Images have always been a key part of the web. Our brains are able to interpret images much faster than text, which is why high-quality visuals drive conversions and user engagement.
That said, loading images efficiently at scale isn’t a little project for a quiet afternoon. It requires understanding of compression techniques, loading behavior, image decoding and image CDNs, adaptive media loading and caching.
This book will equip you with everything you need to know to optimize how you compress, serve and maintain images — boosting performance along the way. Jump to table of contents.
528 pages. High quality hardcover + eBook (PDF, ePUB, Kindle). Written by Addy Osmani. Shipping now.
About The Book
Next to videos, images are the heaviest, most requested assets on the web. Some of the biggest size savings and performance improvements can come through a better image optimization strategy. The fewer bytes a browser has to fetch, the less competition there is for a user’s bandwidth, and the quicker that critical image can be displayed, along with page’s content.
With the new Smashing book, Addy Osmani provides a practical modern guide to delivering high-quality images on the web — from formats and compression to delivery and maintenance.
The book focuses on what matters: modern approaches to image compression and image delivery, practical tools and techniques to automate optimization, responsive images, current and emerging image formats, how browsers load, decode and render images, CDNs, lazy-loading, adaptive media loading and how to optimize for Core Web Vitals. Everything in one, single, 528-pages book. Download a free PDF sample (12MB).
Written by Addy Osmani. Illustrated by Espen Brunborg and Nadia Snopek. Reviewers and contributors include Milica Mihajlija, Colin Bendell, Kornel Lesiński, Estelle Weyl, Jeremy Wagner, Tim Kadlec, Nolan O’Brien, Pat Meenan, Kristofer Baxter, Henri (Helvetica) Brisard, Houssein Djirdeh, Una Kravets, Ilya Grigorik, Elle Osmani, Leena Sohoni, Katie Hempenius, Jon Sneyers, and Mathias Bynens.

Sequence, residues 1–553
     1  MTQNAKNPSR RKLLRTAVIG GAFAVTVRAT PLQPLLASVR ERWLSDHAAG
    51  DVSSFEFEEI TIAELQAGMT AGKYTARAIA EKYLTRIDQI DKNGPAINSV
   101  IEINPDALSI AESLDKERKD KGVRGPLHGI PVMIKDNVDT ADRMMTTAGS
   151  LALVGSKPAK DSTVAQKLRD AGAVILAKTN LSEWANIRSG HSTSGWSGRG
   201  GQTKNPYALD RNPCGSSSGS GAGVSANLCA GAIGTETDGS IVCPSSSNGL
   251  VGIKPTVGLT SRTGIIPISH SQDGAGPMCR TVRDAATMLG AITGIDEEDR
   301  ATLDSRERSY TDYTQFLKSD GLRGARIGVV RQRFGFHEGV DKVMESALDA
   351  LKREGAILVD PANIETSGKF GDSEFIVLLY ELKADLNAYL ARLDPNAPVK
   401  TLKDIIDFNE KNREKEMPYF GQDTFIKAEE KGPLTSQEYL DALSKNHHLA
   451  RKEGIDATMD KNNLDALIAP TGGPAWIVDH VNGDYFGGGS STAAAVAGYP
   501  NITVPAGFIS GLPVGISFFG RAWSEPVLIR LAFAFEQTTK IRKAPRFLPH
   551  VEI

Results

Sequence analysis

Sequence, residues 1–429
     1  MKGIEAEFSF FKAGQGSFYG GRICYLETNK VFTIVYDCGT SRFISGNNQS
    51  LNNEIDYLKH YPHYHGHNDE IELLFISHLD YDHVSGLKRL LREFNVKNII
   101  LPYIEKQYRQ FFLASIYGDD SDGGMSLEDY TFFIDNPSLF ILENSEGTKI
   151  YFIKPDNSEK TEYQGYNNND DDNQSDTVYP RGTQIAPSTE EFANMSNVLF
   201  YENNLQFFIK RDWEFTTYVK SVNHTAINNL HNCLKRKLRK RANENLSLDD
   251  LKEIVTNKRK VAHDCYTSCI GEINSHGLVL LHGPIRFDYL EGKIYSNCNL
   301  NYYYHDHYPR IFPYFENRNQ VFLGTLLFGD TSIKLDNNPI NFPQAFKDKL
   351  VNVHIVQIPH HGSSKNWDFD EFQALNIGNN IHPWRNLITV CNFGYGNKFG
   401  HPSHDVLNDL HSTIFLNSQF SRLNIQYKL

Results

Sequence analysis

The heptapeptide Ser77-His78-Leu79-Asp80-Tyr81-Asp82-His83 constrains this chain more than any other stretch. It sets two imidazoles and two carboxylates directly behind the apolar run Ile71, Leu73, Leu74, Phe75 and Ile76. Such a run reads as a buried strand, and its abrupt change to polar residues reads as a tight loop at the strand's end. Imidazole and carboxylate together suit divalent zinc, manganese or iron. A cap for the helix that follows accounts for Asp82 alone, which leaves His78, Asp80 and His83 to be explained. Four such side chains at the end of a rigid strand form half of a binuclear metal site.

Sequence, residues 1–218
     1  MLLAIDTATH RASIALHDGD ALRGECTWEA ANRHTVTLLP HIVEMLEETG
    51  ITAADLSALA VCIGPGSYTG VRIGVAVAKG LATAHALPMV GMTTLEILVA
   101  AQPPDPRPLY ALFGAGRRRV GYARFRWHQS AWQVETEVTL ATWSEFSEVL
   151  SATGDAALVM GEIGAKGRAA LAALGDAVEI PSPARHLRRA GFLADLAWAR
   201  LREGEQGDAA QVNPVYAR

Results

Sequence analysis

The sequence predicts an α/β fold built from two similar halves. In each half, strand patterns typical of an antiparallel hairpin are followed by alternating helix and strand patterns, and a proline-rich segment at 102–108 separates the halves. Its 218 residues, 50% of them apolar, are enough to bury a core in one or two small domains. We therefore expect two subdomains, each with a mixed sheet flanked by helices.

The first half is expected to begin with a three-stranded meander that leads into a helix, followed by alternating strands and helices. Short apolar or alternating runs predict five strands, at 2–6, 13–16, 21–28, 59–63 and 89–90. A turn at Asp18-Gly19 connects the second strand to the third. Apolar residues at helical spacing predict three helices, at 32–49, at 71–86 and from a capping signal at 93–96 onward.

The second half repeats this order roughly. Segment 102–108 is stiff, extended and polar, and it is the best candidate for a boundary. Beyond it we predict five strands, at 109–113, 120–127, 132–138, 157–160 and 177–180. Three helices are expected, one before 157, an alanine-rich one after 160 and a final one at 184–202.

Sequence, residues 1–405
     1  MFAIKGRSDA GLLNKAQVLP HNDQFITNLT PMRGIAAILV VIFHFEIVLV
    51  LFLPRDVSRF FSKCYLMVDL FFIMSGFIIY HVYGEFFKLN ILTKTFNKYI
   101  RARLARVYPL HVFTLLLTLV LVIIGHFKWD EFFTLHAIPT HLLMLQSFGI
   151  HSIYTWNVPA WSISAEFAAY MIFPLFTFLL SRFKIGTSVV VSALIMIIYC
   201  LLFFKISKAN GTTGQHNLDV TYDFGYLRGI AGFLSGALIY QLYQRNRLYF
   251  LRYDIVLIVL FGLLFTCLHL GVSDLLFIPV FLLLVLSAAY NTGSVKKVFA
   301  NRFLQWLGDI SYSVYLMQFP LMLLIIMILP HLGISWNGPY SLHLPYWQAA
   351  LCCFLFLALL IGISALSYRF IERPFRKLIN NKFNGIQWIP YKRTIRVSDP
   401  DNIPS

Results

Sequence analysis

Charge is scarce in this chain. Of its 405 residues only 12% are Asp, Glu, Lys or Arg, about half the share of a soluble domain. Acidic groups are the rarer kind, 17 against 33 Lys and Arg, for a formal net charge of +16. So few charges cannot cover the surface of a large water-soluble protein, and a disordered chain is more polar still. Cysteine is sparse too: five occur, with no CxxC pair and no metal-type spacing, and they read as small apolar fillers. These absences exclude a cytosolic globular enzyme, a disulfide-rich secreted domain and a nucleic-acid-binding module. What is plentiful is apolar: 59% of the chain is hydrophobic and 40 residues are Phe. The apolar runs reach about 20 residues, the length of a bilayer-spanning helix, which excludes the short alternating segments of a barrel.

Table of Contents
- The Humble <img> Element+
- The humble
<img>element has gained some superpowers over the years. Given how central it is to image optimization on the web, let’s catch up on what it can do.
- Optimizing Image Quality+
- Most optimization tools allow you to set the level of quality you’re happy with. Lower quality reduces file size but can introduce artifacts, halos, or blocky degrading.
- Comparing Image Formats+
- Each new image format has a range of effectiveness if you compare and align on a consistent “quality” of experience. In this chapter, we will explore the challenge of defining quality and setting expectations when converting between formats.
- Color Management+
- Ideally, every screen and web browser in the world would display color in exactly the same way. Unfortunately, they don’t. Color management allows us to reach a compromise on displaying color through color models, spaces, and profiles.
- Image Decoding Performance+
- How quickly an image can be decoded determines how soon browsers can show it to the user. Keeping this efficient helps ensure a good user experience. Let’s dig deeper into image decoding to understand how browsers perform behind the scenes and how you can control decoding.
- Measuring Image Performance+
- In this chapter, we will look into how to use Lighthouse to audit for unoptimized images and how to monitor a web performance budget for images.
- The JPEG may well be the world’s most widely used image format. Let’s examine JPEG’s compression modes as these can have a significant impact on perceived performance.
- From the very basics to palette modes, index and alpha transparency, and compression tips, in this chapter we’ll take an in-depth look at PNGs.